No ND filter.

You might also want to expirement using both HSS and the ND filter and see what kind of results you can achieve.

Thanks for the encouragement and advice. I bounght the Tiffen variablr nd. Ive been messing with it for a few hours indoors, and I dont seem to be getting much out of it in terms of figuring out how it all works together. Hopefully once I get outside, I can better appreciate it. Next to learning my speedlites, this is by far one of the most challenging things Ive tried to do, and I dont want to mash up a shoot trying to learn this in front of a the client.

For that shot, were you at full power on your lights?


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Seeker of the "AH HA" moments....

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gotglade
Senior Member
306 posts
Joined Apr 2010
San Rafael, CA
Sep 18, 2013 18:50 |  #502

usdm wrote in post #16306148external link
Thanks for the encouragement and advice. I bounght the Tiffen variablr nd. Ive been messing with it for a few hours indoors, and I dont seem to be getting much out of it in terms of figuring out how it all works together. Hopefully once I get outside, I can better appreciate it. Next to learning my speedlites, this is by far one of the most challenging things Ive tried to do, and I dont want to mash up a shoot trying to learn this in front of a the client.

For that shot, were you at full power on your lights?

It was a while ago, but if memory serves: I'm pretty sure they were both 1/4 power.

Yeah, it can be a bit confusing at first. But just remember that the ND brings down ALL the lights, both ambient and flash/strobe.
This is my typical workflow/thinking behind an ND/daylight/strobe shot:

1. Figure out how much bokeh I want and what I need to set the aperture at to get to that point. ND is at lowest setting (or off). (for this example, say I want f/1.8)
2. Keeping the camera @ f/1.8, set camera to max sync speed of strobe (usually around 1/250th for my camera). Image with these setting will probably be completely blown out.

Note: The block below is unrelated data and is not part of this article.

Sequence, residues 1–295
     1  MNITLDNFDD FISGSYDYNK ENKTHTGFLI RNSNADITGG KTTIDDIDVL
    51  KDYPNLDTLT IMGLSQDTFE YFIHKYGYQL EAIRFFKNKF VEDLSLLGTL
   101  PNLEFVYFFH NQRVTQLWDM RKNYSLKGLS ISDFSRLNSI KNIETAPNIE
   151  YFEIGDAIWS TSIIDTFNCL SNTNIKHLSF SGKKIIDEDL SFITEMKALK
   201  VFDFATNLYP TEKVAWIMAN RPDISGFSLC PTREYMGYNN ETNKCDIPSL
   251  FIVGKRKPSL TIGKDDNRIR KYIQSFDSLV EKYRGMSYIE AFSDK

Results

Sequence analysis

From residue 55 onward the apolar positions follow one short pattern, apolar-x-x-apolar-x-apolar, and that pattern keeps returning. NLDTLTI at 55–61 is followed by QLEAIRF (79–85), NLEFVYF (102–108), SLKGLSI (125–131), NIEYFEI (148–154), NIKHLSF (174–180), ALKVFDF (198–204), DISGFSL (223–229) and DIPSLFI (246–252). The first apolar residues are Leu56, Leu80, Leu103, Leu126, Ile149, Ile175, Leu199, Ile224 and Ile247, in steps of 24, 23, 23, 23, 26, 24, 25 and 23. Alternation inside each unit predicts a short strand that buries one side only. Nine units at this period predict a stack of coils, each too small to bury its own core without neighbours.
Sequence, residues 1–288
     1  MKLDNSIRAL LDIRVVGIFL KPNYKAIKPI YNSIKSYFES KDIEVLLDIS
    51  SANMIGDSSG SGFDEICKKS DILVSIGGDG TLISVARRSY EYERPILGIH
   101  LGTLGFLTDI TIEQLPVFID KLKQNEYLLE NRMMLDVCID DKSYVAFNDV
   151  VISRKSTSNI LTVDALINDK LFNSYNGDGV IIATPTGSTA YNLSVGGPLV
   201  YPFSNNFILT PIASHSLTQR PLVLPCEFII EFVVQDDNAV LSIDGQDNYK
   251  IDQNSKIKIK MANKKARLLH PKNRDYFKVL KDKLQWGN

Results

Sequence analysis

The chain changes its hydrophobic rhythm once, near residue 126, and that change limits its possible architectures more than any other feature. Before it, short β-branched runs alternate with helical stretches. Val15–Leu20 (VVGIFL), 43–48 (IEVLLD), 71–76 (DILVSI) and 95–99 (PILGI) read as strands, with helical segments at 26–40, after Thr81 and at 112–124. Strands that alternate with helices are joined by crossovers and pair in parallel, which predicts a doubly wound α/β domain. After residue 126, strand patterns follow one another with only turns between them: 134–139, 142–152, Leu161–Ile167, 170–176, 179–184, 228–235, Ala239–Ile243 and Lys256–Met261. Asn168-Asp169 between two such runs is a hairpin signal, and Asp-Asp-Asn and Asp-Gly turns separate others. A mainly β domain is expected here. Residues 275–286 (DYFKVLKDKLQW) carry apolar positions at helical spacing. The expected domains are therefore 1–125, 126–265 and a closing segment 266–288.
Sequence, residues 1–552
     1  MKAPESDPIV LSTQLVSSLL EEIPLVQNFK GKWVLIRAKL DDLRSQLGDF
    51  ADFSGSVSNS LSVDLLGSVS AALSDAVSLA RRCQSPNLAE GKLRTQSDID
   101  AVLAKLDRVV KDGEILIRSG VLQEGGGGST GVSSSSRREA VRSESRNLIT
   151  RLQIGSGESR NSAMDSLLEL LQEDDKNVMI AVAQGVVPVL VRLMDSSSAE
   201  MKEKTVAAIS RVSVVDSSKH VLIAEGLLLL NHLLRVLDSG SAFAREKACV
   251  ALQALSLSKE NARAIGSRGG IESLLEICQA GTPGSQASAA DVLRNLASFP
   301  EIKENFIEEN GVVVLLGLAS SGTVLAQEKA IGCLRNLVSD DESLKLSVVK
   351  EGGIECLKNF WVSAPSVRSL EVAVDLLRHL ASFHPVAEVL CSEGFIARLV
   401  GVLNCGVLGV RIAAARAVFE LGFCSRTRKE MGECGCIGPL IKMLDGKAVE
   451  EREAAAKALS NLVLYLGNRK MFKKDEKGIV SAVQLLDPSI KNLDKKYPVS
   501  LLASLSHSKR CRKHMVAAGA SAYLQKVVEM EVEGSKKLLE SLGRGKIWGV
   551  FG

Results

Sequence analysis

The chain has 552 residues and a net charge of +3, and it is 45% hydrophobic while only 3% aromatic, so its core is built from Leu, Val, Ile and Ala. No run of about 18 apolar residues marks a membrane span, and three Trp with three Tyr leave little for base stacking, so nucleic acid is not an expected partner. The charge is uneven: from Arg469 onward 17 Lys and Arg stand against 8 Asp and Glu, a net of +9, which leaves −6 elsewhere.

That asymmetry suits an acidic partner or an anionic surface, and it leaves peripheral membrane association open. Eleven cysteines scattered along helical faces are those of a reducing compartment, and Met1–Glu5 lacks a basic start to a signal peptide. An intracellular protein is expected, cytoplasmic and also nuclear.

3. Dial in the ND to get the background exposed how I want it.
4. Turn on strobe/flashes and dial it up to the power needed to expose subject properly.
5. Repeat #4 for other strobes/flashes used in the shot.
5. Custom White balance using grey card.

Then I'm good to go.
I've gotten to a place where I can get through that process very quickly and not have to think about individual steps. They all kind of meld together. Takes me about 30sec for each
setup.

Now say I accidentally brushed the ND ring and opened it up more, the exposure on both the background AND the subject would go up.
I hope that was clear. Sorry if it just confuses you more.

Good luck with everything!


Glade

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fashionrider
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1,091 posts
Joined Dec 2011
Sep 19, 2013 01:57 |  #503

gotglade wrote in post #16307728external link
It was a while ago, but if memory serves: I'm pretty sure they were both 1/4 power.

Yeah, it can be a bit confusing at first. But just remember that the ND brings down ALL the lights, both ambient and flash/strobe.
This is my typical workflow/thinking behind an ND/daylight/strobe shot:

1. Figure out how much bokeh I want and what I need to set the aperture at to get to that point. ND is at lowest setting (or off). (for this example, say I want f/1.8)
2. Keeping the camera @ f/1.8, set camera to max sync speed of strobe (usually around 1/250th for my camera). Image with these setting will probably be completely blown out.
3. Dial in the ND to get the background exposed how I want it.
4. Turn on strobe/flashes and dial it up to the power needed to expose subject properly.
5. Repeat #4 for other strobes/flashes used in the shot.
5. Custom White balance using grey card.

Then I'm good to go.
I've gotten to a place where I can get through that process very quickly and not have to think about individual steps. They all kind of meld together. Takes me about 30sec for each
setup.

Now say I accidentally brushed the ND ring and opened it up more, the exposure on both the background AND the subject would go up.
I hope that was clear. Sorry if it just confuses you more.

Good luck with everything!

+1 with what he said, this is basically what I do. However, others have asked me how to shoot with ND filters when using a light meter. You can't exactly rely on the light meter anymore since what the lightmeter thinks is properly exposed is actually underexposed on the image due to the ND filter.